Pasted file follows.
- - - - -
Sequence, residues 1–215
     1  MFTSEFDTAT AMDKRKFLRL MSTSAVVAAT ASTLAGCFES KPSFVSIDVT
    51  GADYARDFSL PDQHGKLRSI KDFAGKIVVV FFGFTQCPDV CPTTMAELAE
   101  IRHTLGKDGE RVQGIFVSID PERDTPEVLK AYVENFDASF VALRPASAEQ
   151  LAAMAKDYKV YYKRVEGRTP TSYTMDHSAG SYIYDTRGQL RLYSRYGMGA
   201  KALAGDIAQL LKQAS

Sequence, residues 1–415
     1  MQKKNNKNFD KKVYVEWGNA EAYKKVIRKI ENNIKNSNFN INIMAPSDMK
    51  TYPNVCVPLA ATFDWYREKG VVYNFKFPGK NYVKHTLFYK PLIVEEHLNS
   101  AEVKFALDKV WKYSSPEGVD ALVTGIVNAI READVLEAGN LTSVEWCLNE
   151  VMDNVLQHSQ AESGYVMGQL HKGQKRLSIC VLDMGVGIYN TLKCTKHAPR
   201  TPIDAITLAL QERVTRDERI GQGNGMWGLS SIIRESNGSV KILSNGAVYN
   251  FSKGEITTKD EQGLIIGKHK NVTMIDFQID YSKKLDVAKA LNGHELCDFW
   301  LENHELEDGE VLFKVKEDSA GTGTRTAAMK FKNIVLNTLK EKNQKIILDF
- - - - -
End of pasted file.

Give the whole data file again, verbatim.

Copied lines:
Sequence, residues 1–215
     1  MFTSEFDTAT AMDKRKFLRL MSTSAVVAAT ASTLAGCFES KPSFVSIDVT
    51  GADYARDFSL PDQHGKLRSI KDFAGKIVVV FFGFTQCPDV CPTTMAELAE
   101  IRHTLGKDGE RVQGIFVSID PERDTPEVLK AYVENFDASF VALRPASAEQ
   151  LAAMAKDYKV YYKRVEGRTP TSYTMDHSAG SYIYDTRGQL RLYSRYGMGA
   201  KALAGDIAQL LKQAS

Sequence, residues 1–415
     1  MQKKNNKNFD KKVYVEWGNA EAYKKVIRKI ENNIKNSNFN INIMAPSDMK
    51  TYPNVCVPLA ATFDWYREKG VVYNFKFPGK NYVKHTLFYK PLIVEEHLNS
   101  AEVKFALDKV WKYSSPEGVD ALVTGIVNAI READVLEAGN LTSVEWCLNE
   151  VMDNVLQHSQ AESGYVMGQL HKGQKRLSIC VLDMGVGIYN TLKCTKHAPR
   201  TPIDAITLAL QERVTRDERI GQGNGMWGLS SIIRESNGSV KILSNGAVYN
   251  FSKGEITTKD EQGLIIGKHK NVTMIDFQID YSKKLDVAKA LNGHELCDFW
   301  LENHELEDGE VLFKVKEDSA GTGTRTAAMK FKNIVLNTLK EKNQKIILDF